Acetaminophen is a commonly-used pain reliever and fever reducer found in products such as Tylenol, Excedrin, Panadol, Apap and Theraflu. When this drug is metabolized by the liver, a toxic intermediate called NAPQI is formed. Under normal circumstances, NAPQI is quickly combined with glutathione, one of our body’s most important antioxidants, rendering it non-toxic and ready for excretion.

Problems arise when (1) large doses of acetaminophen are taken, creating large amounts of NAPQI that overwhelm glutathione’s detoxification capacity, or (2) when insufficient glutathione is available. Both of these scenarios set the stage for liver toxicity and can be life-threatening. (It is worth mentioning that acetaminophen is implicated in nearly 50% of all acute liver failure in the US. In early 2014, the FDA recommended health care professionals discontinue prescribing and dispensing prescription combination drug products with more than 325 mg of acetaminophen to protect consumers.  Doses above 4000 mg in a 24-hour period carry a high risk of liver toxicity, although doses much lower than that can be damaging in many individuals.)

Use of acetaminophen is associated with glutathione depletion (1, 2).
In addition to its role in acetaminophen metabolism, glutathione is involved in the detoxification of alcohol, tobacco smoke, and many other compounds. It is the most abundant antioxidant in the brain and lungs. As such, glutathione deficiency is associated with an increased risk of asthma, COPD, and neurodegenerative diseases such as Parkinson’s and Alzheimer’s (1, 2, 3). Lower capacity for glutathione synthesis has been found in Autism Spectrum Disorders.  Because of its essential role as an antioxidant in tissues throughout the body, glutathione deficiency could be at the root of any chronic disease. On the bright side, restoring glutathione levels has been shown to reduce the damage done to liver cells.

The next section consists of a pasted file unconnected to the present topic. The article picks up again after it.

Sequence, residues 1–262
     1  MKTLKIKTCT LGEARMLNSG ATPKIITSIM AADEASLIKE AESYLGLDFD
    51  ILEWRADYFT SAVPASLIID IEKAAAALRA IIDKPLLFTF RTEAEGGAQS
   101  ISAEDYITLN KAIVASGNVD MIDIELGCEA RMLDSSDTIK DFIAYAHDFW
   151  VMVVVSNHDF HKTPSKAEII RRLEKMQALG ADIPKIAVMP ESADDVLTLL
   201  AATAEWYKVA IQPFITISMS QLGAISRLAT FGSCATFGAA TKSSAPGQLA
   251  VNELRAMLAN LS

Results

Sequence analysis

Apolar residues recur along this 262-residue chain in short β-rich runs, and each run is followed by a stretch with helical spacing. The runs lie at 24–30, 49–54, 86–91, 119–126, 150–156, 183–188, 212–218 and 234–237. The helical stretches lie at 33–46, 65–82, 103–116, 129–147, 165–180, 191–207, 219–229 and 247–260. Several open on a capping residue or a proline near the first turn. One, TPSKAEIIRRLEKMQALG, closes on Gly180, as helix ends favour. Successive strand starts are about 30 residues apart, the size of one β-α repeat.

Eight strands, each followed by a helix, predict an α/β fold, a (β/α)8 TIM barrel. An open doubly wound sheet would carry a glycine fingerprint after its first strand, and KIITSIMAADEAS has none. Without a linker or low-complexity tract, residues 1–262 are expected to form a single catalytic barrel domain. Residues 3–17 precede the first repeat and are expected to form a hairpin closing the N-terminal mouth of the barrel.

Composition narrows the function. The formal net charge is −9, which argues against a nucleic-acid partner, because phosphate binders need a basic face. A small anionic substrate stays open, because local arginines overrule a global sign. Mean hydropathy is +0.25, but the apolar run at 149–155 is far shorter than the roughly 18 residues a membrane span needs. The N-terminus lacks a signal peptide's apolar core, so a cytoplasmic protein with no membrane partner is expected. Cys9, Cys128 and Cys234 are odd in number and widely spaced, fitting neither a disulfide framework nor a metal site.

What To Do About All of This
If you are taking any of these medications, this does NOT necessarily mean you should discontinue taking them. Sometimes the benefit of a drug, or the risk of not taking it, outweighs the risk of taking it. Part of the physician’s job is to navigate the available evidence to determine the best course of treatment for any given patient. If you are concerned, it is certainly worth discussing with your physician. As mentioned before, if a cause for your original symptoms can be identified and addressed, many people find that they no longer need certain medications. Please consult your physician for guidance.  
I expect this to be a popular topic and I would be happy to write more on it in the future. Other commonly-used medications associated with nutrient depletion include oral contraceptives (birth control pills), antibiotics, anti-depressants, anti-hypertensives, and drugs for diabetes.

Featured Therapy: Lowering LDL Naturally

We are still learning about the various factors that contribute to cardiovascular disease, as well as those that reduce risk of death from cardiovascular causes. We could all probably benefit from laughing, getting 30 minutes of moderate exercise 5 days per week, managing our stress (1, 2), and sleeping well. But what else is there to do? 

Despite all the focus on cholesterol levels, we are still not certain that high cholesterol leads to heart disease. Evidence is mixed (1, 2, 3, 4, 5). We are fairly certain, however, that LDL (Low-Density Lipoprotein) cholesterol is involved in the formation of atherosclerotic plaques, or “hardening of the arteries” (1, 2, 3). These plaques are associated with increased risk of heart attack and stroke (1, 2). It would make sense then, if LDL is too high, risk for plaque formation would be higher as well, simply due to more LDL being around. Optimal LDL levels are dependent on individual risk factors, and so vary by person. Most practitioners like to see LDL somewhere in the range of 70 – 130 mg/dl.

Non-Pharmaceutical, Evidence-Based Therapies that Lower LDL: